Hetzer Starr in action

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The Axis WWII discussion group is hosted by Tom Cockle and is dedicated to Axis armour of the Second World War.

Hetzer Starr in action

TomᚠJakl
TomᚠJakl

November 28th, 2000, 4:13 pm #1

James Blackwell asked me via e-mail whether does exist some pictures of Hetzer Starr in combat action. They does exist. Hetzers Starrs were used in May 1945 by both encircled Prague German garrison and Kampfgruppe Milowitz.

Kampfgruppe Milowitz was one of five Kgrs. which unsuccessfull attempted to open Prague for retreat of HGr. Mitte. It fouhgt against Czech uprisers/patriots/home army soldiers (whatever you want) in Prague from 5th till 8th May. After the cease of hostility it retreated to american lines in western Bohemia in the night from 8th to 9th May 1945. It was probably involved in one of the last armed action against soviet forces in the night from 11th to 12th May 1945 in Milin, near the town Pribram, south of Prague, too.
In the night from 8th to 9th May 1945 some Hetzers Starrs were used as transport vehicles by soldiers of Prague garrison too.

This picture was taken at 5 May 1945 in Prague - Dejvice, in times of negotiations between German garrison around Vitezne namesti and Czech uprisers in Podbaba.
The main distinguish detail that this Hetzer is a Starr variant are two "inverted U shape" hooks on the top of gun shield and gun.
Note: white crosses are on jerrycans.



Next picture was taken in the evening of 8th May 1945, just before Prague German garrison came to its way to American surrender in Pilsen. The narrow gun shield is clearly visible.



The last photo is from post-war czech use of an captured Starr. "Inverted U shape" hooks on gun mount and gun shield are clearly visible. Three digit number on it´s side is probably black 143. Camouflage is hard edged BMM three clor stripe scheme, the same as on all known Starrs.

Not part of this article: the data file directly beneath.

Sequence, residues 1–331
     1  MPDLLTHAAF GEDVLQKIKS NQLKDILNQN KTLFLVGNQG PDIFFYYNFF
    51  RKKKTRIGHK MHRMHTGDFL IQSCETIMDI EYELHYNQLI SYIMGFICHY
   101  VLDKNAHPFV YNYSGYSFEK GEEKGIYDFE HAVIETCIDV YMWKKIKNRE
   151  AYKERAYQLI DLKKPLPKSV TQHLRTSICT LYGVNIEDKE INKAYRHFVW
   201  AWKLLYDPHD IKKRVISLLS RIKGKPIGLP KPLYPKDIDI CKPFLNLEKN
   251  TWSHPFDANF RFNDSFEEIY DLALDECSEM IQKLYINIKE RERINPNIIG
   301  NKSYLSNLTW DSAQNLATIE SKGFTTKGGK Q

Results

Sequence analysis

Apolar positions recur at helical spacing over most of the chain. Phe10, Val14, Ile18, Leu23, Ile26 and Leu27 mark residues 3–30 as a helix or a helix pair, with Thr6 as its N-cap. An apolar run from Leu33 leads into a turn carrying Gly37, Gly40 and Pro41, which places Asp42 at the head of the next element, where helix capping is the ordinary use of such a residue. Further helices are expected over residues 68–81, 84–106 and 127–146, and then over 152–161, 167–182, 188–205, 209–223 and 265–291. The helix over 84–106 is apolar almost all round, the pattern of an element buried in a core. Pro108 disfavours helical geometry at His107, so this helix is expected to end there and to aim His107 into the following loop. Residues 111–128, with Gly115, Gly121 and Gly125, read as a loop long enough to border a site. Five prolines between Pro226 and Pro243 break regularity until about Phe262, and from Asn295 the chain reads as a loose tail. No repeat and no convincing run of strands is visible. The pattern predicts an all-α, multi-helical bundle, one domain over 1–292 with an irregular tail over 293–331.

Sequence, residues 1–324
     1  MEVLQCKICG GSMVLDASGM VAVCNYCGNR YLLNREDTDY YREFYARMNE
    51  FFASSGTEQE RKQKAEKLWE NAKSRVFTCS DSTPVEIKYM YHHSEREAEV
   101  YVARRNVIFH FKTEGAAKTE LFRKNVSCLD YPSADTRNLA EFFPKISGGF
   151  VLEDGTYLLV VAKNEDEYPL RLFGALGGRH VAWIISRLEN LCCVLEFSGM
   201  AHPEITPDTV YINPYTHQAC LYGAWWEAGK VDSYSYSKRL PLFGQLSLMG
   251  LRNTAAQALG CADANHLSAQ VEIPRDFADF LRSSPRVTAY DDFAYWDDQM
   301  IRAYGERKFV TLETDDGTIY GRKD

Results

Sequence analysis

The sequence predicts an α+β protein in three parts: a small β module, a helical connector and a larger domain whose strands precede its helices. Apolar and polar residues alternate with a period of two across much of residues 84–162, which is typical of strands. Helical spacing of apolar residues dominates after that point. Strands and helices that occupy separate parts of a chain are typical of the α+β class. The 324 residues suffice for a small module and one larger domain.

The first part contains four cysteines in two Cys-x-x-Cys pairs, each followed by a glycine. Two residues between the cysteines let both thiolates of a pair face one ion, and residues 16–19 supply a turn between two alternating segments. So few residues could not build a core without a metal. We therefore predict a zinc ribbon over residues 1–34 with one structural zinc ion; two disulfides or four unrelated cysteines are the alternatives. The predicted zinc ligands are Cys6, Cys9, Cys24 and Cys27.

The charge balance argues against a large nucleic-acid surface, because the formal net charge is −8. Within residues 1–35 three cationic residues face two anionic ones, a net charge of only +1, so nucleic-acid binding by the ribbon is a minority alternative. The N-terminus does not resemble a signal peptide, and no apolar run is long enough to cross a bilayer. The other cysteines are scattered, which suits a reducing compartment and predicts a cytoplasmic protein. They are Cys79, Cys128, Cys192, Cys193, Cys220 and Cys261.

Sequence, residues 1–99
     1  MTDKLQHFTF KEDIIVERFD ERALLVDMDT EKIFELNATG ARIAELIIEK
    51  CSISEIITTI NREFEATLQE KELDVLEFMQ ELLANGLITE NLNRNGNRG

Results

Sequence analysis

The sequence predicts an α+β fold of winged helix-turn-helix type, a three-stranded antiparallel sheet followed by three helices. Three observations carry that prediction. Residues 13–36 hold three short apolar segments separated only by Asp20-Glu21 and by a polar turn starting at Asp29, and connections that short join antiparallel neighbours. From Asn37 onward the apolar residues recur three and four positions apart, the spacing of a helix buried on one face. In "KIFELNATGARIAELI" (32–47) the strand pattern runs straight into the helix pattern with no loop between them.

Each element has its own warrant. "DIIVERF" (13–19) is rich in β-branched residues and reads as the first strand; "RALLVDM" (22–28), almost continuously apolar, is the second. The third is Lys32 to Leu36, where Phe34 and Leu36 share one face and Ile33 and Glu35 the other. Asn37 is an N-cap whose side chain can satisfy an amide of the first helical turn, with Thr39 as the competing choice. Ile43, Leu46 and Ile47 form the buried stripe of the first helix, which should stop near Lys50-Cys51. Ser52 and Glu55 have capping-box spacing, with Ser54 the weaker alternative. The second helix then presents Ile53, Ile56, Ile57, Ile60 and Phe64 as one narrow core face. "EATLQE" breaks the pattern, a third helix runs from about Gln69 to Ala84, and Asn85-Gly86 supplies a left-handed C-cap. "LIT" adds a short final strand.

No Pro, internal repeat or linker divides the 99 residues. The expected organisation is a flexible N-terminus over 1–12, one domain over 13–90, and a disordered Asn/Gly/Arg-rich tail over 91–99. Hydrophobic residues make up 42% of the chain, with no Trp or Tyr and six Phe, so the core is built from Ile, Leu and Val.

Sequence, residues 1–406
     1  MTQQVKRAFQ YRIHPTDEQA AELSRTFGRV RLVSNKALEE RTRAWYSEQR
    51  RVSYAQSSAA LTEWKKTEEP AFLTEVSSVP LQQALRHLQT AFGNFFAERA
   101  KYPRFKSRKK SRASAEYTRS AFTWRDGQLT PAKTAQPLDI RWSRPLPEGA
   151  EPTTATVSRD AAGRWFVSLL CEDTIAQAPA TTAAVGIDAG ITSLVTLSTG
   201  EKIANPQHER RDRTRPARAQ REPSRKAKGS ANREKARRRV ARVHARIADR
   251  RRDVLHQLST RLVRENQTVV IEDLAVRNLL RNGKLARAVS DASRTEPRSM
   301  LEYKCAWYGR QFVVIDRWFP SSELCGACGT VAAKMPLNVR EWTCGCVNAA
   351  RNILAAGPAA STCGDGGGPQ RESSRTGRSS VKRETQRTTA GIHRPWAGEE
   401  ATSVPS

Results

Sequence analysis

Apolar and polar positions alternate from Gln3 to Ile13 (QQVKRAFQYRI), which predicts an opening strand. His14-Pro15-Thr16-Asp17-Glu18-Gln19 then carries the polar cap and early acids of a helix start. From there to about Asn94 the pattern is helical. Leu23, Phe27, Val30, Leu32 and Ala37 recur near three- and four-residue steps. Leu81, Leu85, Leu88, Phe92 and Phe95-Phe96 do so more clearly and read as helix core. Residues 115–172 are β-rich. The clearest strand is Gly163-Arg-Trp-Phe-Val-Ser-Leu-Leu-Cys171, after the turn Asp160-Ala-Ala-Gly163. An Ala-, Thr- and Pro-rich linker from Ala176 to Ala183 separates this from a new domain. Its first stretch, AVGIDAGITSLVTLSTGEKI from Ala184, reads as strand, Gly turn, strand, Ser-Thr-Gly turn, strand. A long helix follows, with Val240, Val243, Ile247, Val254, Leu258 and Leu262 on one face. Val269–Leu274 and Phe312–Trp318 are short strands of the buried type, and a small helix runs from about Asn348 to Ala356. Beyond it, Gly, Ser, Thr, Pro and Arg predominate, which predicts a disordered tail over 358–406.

There are four pictures, which depicts Hetzer Starr of Kgr. Milowitz during fights in the Old Town and one which depicts even unique Tatra Engine equipped prototype, left behind after German retreat from Prague, but they are from private collections and decreased scan will be possible even after prepared article on this topic will be out of print.

Regards

T. Jakl
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Joined: November 28th, 2000, 4:47 pm

November 28th, 2000, 4:47 pm #2

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James Blackwell
James Blackwell

November 28th, 2000, 6:08 pm #3

James Blackwell asked me via e-mail whether does exist some pictures of Hetzer Starr in combat action. They does exist. Hetzers Starrs were used in May 1945 by both encircled Prague German garrison and Kampfgruppe Milowitz.

Kampfgruppe Milowitz was one of five Kgrs. which unsuccessfull attempted to open Prague for retreat of HGr. Mitte. It fouhgt against Czech uprisers/patriots/home army soldiers (whatever you want) in Prague from 5th till 8th May. After the cease of hostility it retreated to american lines in western Bohemia in the night from 8th to 9th May 1945. It was probably involved in one of the last armed action against soviet forces in the night from 11th to 12th May 1945 in Milin, near the town Pribram, south of Prague, too.